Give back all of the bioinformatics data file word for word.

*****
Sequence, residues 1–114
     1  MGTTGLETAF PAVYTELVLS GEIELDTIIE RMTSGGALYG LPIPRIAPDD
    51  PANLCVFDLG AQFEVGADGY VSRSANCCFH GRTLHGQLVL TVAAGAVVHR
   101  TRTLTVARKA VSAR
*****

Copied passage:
Sequence, residues 1–114
     1  MGTTGLETAF PAVYTELVLS GEIELDTIIE RMTSGGALYG LPIPRIAPDD
    51  PANLCVFDLG AQFEVGADGY VSRSANCCFH GRTLHGQLVL TVAAGAVVHR
   101  TRTLTVARKA VSAR